It is a good plan for a shy young person, who has no confidence in her own powers of conversation, to fortify herself with several topics of general interest, such as the last new novel, the last opera, the best and newest gallery of pictures, or the flower in fashion; and to invent a formula, if words are wanting in her organization, as to how these subjects should be introduced and handled. Many ideas will occur to her, and she can silently arrange them. Then she may keep these as a reserve force, using them only when the conversation drops, or she is unexpectedly brought to the necessity of keeping up the ball alone. Some people use this power rather unfairly, leading the conversation up to the point where they wish to enter; but these are not the people who need help–they can take care of themselves. After talking awhile in a perfunctory manner, many a shy young person has been astonished by a sudden rush of brilliant ideas, and finds herself talking naturally and well without effort. It is like the launching of a ship; certain blocks of shyness and habits of mental reserve are knocked away, and the brave frigate Small-Talk takes the water like a thing of life.

It demands much tact and cleverness to touch upon

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the ordinary events of the day at a mixed dinner, because, in the first place, nothing should be said which can hurt any one’s feelings politics, religion, and the stock market being generally ruled out; nor should one talk about that which everybody knows, for such small-talk is impertinent and irritating. No one wishes to be told that which he already understands better, perhaps, than we do. Nor are matters of too private a nature, such as one’s health, or one’s servants, or one’s disappointments, still less one’s good deeds, to be talked about.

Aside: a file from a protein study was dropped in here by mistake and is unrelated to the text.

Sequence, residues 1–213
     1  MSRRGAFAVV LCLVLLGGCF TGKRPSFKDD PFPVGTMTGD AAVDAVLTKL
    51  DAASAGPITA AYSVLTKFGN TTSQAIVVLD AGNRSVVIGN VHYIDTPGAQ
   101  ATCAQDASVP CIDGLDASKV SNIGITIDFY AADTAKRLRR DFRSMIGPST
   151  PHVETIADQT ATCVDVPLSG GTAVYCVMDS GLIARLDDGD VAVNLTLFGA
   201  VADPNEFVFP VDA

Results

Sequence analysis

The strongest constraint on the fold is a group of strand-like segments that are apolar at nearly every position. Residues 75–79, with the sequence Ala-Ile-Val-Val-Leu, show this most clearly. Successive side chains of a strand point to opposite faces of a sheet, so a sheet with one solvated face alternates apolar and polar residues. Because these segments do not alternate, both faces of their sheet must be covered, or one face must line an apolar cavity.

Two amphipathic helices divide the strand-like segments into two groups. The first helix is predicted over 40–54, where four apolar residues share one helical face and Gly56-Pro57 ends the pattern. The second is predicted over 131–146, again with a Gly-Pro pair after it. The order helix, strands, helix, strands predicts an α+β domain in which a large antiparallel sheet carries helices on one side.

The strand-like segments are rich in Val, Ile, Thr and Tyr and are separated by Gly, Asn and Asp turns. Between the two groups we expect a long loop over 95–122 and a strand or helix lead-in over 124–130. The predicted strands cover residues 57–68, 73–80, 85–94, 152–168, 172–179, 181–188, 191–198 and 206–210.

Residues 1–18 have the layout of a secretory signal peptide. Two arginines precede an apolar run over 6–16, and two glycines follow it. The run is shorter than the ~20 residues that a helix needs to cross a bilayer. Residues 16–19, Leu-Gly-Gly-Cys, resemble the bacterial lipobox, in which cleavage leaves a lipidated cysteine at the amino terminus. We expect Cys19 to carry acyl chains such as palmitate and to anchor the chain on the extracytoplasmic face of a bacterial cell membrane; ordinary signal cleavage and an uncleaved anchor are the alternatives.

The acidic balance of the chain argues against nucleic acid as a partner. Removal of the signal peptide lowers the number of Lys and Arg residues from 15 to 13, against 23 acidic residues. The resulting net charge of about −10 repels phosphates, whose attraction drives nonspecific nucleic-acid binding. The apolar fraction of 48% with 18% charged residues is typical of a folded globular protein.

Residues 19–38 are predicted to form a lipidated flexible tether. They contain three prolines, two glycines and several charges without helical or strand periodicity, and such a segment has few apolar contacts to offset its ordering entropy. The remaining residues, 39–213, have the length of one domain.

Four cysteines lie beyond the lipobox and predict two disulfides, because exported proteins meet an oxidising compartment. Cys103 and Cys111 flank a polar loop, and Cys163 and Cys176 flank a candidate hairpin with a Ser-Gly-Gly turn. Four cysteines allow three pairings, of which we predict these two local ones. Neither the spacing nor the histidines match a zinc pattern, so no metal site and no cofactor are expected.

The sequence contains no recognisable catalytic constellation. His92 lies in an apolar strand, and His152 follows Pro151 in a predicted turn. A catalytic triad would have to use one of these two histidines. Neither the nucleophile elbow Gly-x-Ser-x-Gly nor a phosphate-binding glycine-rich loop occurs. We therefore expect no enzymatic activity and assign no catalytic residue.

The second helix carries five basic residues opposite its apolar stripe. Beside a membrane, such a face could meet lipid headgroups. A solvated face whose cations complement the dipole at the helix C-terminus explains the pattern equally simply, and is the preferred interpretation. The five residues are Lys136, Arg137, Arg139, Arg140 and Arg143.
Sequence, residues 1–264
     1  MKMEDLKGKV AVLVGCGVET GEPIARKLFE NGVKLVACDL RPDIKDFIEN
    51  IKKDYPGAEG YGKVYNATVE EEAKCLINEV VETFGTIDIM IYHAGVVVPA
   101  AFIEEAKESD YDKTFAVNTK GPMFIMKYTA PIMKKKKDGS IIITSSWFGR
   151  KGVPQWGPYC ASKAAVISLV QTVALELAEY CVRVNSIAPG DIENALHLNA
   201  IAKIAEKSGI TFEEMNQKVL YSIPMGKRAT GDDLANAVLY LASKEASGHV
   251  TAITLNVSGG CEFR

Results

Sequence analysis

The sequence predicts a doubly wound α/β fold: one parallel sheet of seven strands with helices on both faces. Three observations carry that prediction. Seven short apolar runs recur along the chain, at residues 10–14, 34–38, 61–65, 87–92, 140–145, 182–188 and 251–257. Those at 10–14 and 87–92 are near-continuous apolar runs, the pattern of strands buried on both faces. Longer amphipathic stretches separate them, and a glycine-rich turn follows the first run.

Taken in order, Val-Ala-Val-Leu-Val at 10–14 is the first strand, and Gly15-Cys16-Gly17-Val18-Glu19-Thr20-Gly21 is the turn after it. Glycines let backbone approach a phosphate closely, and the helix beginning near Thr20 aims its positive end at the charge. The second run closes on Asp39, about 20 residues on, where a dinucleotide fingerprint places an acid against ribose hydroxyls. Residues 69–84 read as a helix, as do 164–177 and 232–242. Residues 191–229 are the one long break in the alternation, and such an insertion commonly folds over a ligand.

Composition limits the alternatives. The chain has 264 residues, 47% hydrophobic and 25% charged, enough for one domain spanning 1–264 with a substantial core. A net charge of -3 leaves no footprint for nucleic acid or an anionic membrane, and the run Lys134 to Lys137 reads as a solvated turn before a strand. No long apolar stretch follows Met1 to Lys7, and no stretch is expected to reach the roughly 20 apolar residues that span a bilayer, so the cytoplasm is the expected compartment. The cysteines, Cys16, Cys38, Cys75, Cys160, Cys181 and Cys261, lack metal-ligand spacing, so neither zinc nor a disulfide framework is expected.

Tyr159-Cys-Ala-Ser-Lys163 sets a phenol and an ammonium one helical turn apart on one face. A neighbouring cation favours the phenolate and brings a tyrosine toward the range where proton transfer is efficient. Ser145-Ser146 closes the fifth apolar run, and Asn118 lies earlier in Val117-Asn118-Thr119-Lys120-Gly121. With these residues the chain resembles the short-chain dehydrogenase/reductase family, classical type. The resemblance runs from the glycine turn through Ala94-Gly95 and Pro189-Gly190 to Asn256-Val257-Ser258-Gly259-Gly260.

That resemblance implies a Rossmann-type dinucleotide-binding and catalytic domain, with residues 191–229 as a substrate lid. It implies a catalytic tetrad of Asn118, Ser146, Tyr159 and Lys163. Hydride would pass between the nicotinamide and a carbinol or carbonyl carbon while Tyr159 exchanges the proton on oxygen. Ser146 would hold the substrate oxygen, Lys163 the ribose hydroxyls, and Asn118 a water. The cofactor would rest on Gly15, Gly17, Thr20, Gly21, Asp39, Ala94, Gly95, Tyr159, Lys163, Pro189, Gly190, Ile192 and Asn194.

Commonplace people also sometimes try society very much by their own inane and wholly useless criticisms. Supposing we take up music, it is far more agreeable to hear a person say, “How do you like Nilsson?” than to hear him say, “I like Nilsson, and I have these reasons for liking her.” Let that come afterwards. When a person really qualified to discuss artists, or literary people, or artistic points, talks sensibly and in a chatty, easy way about them, it is the perfection of conversation; but when one wholly and utterly incompetent to do so lays down the law on such subjects he or she becomes a bore. But if the young person who does not know how to talk treats these questions interrogatively, ten chances to one, unless she is seated next an imbecile, she will get some very good and light small-talk out of her next neighbor. She may give a modest personal opinion, or narrate her own sensations at the opera, if she can do so without egotism, and she should always show a desire to be answered. If music and literature fail, let her try the subjects of dancing, polo-playing, and

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lawn-tennis. A very good story was told of a bright New York girl and a very haw–haw–stupid Englishman at a Newport dinner. The Englishman had said “Oh,” and “Really,” and “Quite so,” to everything which this bright girl had asked him, when finally, very tired and very angry, she said, “Were you ever thrown in the hunting-field, and was your head hurt ?” The man turned and gazed admiringly. “Now you’ve got me,” was the reply. And he talked all the rest of the dinner of his croppers. Perhaps it may not be necessary or useful often to unlock so rich a répertoire as this; but it was a very welcome relief to this young lady not to do all the talking during three hours.